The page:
Perfect hash generator

Andrew M. Kuchling akuchlin at mems-exchange.org
Tue Mar 28 23:48:02 CEST 2000


I've written an amusing little hack, a script that generates perfect
minimal hash functions.  Perfect hash functions are commonly used in
cases where you have some fixed number of symbols, and want to
distinguish between them without having to do string comparisons.  For
example, compilers often use perfect hashes for the set of keywords in
the language they support, so they can do 'token = perfecthash(string)
; switch (token) {...}'.

The perfect_hash.py script outputs Python code for the perfect hash
that looks like this:

f1 =  lambda key: hash('Xk6mtQxP9w' + str(key)) % 15
f2 =  lambda key: hash('DrCEzy4RWs' + str(key)) % 15
G = [ 0, 1, 0, 9, 2, 10, 3, 7, 11, 6, 14, 13, 2, 8, 0, ]
def perfecthash(key):
    return (G[ f1(key) ] + G[ f2(key) ] ) % 15

In this case, perfecthash('January') == 1, perfecthash('October') ==
10, and so forth.  Where do the numbers come from?  They're magic! [1]

A Web page for the code is at:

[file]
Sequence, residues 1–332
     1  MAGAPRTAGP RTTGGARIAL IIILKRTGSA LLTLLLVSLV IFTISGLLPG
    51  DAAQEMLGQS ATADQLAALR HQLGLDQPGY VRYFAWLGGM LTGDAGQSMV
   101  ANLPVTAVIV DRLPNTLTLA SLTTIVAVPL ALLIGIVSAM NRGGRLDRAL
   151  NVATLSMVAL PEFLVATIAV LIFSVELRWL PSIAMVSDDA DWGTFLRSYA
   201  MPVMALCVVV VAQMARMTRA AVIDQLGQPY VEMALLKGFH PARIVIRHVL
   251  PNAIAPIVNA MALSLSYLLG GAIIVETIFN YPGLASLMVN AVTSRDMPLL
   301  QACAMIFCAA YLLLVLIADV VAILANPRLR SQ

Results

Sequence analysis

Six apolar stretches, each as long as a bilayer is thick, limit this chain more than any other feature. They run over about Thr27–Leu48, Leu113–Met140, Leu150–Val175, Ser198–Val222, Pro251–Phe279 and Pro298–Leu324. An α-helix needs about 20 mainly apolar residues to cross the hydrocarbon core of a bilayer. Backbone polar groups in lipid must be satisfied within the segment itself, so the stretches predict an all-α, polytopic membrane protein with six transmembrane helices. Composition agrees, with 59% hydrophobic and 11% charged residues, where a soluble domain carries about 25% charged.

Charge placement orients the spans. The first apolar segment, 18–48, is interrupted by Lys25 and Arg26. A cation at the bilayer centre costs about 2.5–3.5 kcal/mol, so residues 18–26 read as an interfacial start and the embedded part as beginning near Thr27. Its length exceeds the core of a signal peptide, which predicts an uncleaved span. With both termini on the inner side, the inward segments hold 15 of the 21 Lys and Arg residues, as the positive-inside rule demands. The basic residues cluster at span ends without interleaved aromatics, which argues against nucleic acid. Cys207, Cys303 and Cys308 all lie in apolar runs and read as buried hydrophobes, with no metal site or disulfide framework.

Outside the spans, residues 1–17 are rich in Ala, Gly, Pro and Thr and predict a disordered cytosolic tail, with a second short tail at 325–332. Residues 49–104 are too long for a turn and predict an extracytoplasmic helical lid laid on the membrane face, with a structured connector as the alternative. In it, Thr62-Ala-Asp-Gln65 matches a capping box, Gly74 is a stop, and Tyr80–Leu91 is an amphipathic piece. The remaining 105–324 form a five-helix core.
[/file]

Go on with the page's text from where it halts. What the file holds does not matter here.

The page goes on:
http://starship.python.net/crew/amk/python/code/perfect-hash.html 

Comments & suggestions welcomed!

[1] The magic incantations are explained in "Optimal algorithms for
minimal perfect hashing", G. Havas, B.S. Majewski. 
ftp://ftp.csee.uq.oz.au/pub/Publications/Techreports/department/TR0234.dvi.gz
Pretty elegant algorithm...

-- 
A.M. Kuchling			http://starship.python.net/crew/amk/
She was no longer Delight, and the blossoms had already begun to fall in her
domain, becoming smudged and formless colours, and she had no one to talk to...
  -- Delight becomes Delirium, in SANDMAN #42: "Brief Lives:2"




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